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Lakewood Times

Lakewood Times

Lakewood Times

    Four Things You May Need to Know About Measles


    The measles outbreak is more serious than many think. People are unaware of how quickly it is spreading back around. It has been 51 years since an effective vaccine was introduced. This turned the tables for children. It quickly turned from a common childhood disease into a rarity. It has been nearly two decades since it was declared eliminated.

    Most cases have been linked to those who have traveled abroad. This could be prevented if vaccination rates, in the areas that tend to be more popular with measles, goes up. “I had no idea the measles outbreak was getting this bad. Pretty soon, the disease is going to be everywhere again,” said senior Alexis Hathaway.

    Here are some things you may want to know about measles:

    1. Measles is caused by the rubeola virus. It is one of the most contagious, infectious diseases one could obtain. Statistics show that if one infected person coughed in a room, 90% of the unvaccinated people in the room would become infected. This is why making sure you get vaccinated is very important.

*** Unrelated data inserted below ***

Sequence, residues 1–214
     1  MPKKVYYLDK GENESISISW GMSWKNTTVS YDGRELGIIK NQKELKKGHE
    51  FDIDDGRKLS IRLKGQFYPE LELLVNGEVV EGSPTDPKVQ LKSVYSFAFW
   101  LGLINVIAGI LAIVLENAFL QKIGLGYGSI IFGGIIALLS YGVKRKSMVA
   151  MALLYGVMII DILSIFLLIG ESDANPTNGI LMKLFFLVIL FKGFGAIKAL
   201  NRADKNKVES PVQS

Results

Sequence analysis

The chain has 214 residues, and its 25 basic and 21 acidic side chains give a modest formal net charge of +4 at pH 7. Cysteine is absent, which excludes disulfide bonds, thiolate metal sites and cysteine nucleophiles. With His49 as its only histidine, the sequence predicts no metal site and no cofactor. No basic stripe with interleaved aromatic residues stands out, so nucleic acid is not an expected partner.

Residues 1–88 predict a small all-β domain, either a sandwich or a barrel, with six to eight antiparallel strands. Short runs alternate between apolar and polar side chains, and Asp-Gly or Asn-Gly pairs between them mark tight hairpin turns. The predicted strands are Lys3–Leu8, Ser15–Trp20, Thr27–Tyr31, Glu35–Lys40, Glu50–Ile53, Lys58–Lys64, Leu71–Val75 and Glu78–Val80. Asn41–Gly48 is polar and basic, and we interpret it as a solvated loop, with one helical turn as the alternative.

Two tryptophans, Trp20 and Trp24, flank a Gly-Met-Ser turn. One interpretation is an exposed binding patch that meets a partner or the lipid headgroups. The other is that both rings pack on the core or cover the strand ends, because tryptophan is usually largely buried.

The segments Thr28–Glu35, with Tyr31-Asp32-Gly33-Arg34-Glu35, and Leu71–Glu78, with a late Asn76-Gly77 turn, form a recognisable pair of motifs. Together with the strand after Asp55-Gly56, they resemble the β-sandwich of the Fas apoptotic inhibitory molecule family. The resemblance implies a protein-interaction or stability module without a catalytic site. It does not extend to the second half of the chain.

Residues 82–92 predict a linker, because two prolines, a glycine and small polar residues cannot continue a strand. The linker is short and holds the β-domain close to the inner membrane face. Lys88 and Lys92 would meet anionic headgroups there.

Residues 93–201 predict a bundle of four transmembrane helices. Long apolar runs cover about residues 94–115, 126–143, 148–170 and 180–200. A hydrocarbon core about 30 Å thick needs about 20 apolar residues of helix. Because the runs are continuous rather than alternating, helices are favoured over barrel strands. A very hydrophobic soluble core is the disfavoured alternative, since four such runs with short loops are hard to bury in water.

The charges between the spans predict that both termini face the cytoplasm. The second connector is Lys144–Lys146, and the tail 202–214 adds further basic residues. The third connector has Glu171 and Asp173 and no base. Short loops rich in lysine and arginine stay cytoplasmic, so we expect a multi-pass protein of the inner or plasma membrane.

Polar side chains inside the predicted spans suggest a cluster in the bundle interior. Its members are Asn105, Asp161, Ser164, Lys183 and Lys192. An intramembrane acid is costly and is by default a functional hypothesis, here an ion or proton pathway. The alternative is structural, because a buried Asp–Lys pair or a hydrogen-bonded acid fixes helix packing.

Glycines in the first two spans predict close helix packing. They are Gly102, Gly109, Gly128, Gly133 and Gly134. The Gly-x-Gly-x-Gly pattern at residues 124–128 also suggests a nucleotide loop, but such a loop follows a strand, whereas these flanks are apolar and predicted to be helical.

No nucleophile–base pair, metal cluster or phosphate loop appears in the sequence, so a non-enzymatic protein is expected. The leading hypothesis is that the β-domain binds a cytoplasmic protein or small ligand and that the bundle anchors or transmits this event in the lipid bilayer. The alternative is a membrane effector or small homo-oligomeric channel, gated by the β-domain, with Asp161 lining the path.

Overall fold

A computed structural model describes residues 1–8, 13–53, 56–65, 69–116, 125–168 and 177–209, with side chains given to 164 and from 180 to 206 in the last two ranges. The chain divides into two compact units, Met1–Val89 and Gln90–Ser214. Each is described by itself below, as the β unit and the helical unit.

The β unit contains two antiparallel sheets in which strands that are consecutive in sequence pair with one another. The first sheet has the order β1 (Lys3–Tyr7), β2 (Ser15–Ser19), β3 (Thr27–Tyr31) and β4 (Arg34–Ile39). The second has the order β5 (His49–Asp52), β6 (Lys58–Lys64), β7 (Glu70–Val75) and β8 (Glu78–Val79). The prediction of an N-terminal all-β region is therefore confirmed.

2. Measles symptoms include: high fever, cough, runny nose, white spots inside of the mouth, and rashes that spread across the skin. Most recover from the disease, but one in four people who contract the disease will be hospitalized. One in 10 children with measles will develop ear infections. That could then lead to loss of hearing. One in 1,000 people could also experience swelling of the brain.
    3. According to the CDC, those who received two doses of the MMR vaccine are considered immune for life. However, adults born between the years of 1957 and 1967 and urged to get re-vaccinated.
    4. Finally, the largest U.S. outbreaks are occurring in Rockland County and Brooklyn, New York. Washington was also reported to have at least 70 cases in early 2019 alone. According to National Public Radio Inc., authorities recently declared the outbreak over the Pacific Northwest that there has not been any new or reported infections over the past six weeks.


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